Kath & Kim: articles

US take on Kath & Kim fails to amuse TV critics

The original Kath and Kim - Jane Turner, left, and Gina Riley - and their American incarnations, right, played by Molly Shannon, standing, and Selma Blair.

The original Kath and Kim - Jane Turner, left, and Gina Riley - and their American incarnations, right, played by Molly Shannon, standing, and Selma Blair.

The verdict on America's foxy morons is that they're as funny as luke-warm tuna pie.

AMERICA'S most influential TV critics don't have "noice" things to say about the US version of Australian hit Kath & Kim.

The powerful NBC network has transplanted the duo to Florida and will begin screening the comedy series on Thursday, October 9. But the opinions of the chief TV critics at The New York Times and trade journals Variety and The Hollywood Reporter suggest it may not last long.

Variety's Brian Lowry was brutally succinct. "If this was a major hit in Australia," he said, "then something has been seriously lost in translation."

Early reports by analysts pegged Kath & Kim as one of the most likely shows to be axed, and the Reporter's Barry Garron agrees.

"I don't think it's going to be a hit right out of the box, and I'm not sure it will be a hit ever," he said. "I don't foresee it lasting the season. It won't be the first (axed) — it's not dreadful, but it hasn't got staying power."

The 30-minute episodes will compete against the second half of Survivor: Gabon and Ugly Betty and are sandwiched between NBC comedies My Name Is Earl and the US version of British hit The Office.

Kath & Kim could be a success if large audiences for other comedy shows tune in. "But I don't see that happening," Garron told The Sunday Age.

"We have a history of adapting overseas formats — some are big successes and others are downright failures. This is in between, but a little closer to the failure side."

The Times' Bill Carter was a big fan of the original Australian series, which ran in New York on a pay-TV channel, but feels the adaptation lacks laughs.

"Many of the elements it used are not there in the US show. It's a really hard show to pull off. The characters are a little off-putting," Carter said. "It's basically not funny enough."

The critics' chief complaint is with the character of Kim, played by Gina Riley in Australia and Selma Blair (Hellboy, Cruel Intentions) in the US. "The (US) creators wanted this to be a broad version, a broad comedy. It's much more about the strained mother/daughter relationship," he said.

"The big difference is the Kim character is very shrill, unappealing. That's a problem … (She's) incredibly selfish and gets in the middle of her mother's new relationship. She comes across as very one-note. She's particularly, well, dumb."

Advertising for the series has played up this aspect. A sign on a bus plying the Flatiron business district in New York — named after the famous triangular building — has Kim suggesting they get their "hair straightened" there. A sign near the Lincoln Tunnel prompts Kim to ask whether the 19th-century President Abraham Lincoln dug the roadway.

Garron said the characters, particularly Kim, are comparable to those in a sketch comedy or a skit.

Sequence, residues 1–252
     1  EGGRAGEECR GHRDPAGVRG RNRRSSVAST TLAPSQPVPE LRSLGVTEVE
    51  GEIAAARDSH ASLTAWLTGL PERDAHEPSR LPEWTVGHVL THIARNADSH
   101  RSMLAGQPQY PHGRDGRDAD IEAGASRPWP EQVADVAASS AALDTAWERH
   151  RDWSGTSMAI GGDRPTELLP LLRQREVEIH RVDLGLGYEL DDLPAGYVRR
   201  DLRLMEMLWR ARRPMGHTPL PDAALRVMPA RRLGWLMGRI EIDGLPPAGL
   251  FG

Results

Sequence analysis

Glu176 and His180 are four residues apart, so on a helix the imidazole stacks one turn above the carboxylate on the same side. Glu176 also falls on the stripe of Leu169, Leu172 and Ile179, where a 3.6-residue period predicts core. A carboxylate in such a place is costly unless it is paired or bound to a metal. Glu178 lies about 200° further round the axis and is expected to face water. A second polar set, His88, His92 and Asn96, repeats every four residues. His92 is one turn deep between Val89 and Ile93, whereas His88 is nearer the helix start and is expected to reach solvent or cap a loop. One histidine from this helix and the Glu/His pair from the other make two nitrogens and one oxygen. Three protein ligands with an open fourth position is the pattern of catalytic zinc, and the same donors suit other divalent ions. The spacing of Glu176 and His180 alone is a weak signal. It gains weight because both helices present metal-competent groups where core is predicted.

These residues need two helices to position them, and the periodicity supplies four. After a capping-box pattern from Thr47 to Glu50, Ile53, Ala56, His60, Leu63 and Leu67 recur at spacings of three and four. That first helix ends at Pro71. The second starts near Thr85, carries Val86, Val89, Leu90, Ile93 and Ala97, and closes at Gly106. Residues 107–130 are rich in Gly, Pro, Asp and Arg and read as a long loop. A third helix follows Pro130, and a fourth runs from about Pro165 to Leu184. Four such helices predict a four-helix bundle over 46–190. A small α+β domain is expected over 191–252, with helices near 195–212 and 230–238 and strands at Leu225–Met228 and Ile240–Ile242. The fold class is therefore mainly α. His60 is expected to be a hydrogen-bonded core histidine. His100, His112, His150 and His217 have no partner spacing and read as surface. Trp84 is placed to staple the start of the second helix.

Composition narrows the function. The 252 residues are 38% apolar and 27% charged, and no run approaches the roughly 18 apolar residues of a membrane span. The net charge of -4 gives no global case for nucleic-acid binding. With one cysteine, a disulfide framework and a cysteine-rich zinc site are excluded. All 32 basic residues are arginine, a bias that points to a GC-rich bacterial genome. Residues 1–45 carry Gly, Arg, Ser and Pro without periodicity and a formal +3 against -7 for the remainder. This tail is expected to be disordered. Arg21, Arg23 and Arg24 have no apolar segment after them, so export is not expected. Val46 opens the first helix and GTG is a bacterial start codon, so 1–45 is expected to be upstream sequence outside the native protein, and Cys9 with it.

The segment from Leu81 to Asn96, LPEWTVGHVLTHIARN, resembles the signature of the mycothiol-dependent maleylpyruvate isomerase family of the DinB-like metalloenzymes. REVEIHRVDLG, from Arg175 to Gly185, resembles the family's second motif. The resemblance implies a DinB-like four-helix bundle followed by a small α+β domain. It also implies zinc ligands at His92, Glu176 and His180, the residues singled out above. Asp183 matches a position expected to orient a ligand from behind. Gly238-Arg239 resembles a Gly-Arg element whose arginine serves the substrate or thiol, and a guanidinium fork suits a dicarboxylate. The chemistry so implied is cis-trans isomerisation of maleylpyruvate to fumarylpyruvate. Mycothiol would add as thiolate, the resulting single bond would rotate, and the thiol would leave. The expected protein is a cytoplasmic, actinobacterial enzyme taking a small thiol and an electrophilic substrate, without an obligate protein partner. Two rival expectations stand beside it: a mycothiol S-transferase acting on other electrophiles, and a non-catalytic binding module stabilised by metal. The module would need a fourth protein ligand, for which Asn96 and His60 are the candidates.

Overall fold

"In a series you generally need one or two characters who are identifiable and likeable, to make you want to watch them week after week," he noted.

"(Kim) seems to be fussing with everyone in the show. She doesn't seem to be able to get along with any of them for more than 10 or 15 seconds. Which is a good character for a skit, because we all know people like that, but it's such an exaggeration."

The producers dropped Magda Szubanski's character of Sharon Strzelecki, although Kim does have a put-upon female friend in the second episode.

A spokeswoman for the Seven Network said the episodes sent to media were "rough cuts". Some portions of the show were re-shot during production and changes may be made before the show hits television screens.

Carter praised the work of Molly Shannon, who portrays the Kath role originated by Jane Turner. But it isn't enough to win his support. "In a comedy like this you've got to go all out," he said. "I'm in a position most Americans are not in (having seen the Australian series). I think they're not doing enough with it. It's just not quite there."

The US version will premiere in Victoria on Sunday, October 12, on the Seven Network, where the characters originated and the fourth series screened in 2007 to huge ratings.

Elsewhere on American TV are two local success stories. Crime drama The Mentalist, starring Australian Simon Baker, drew 15.5 million viewers and beat ratings behemoth Dancing with the Stars.

Third in the same timeslot was science-fiction drama Fringe, fronted by Australian actress Anna Torv (The Secret Life of Us). The series, from Lost creator J.J. Abrams, airs on the Fox network and saw its audience jump 46% in its second week, to 13.3 million viewers.

What they're saying

"If this was a major hit in Australia then something has been seriously lost in translation" Variety

"It's not dreadful, but it hasn't got staying power." The Hollywood Reporter

"It's basically not funny enough." The Times

By Daniel Ziffer
September 28, 2008
The Age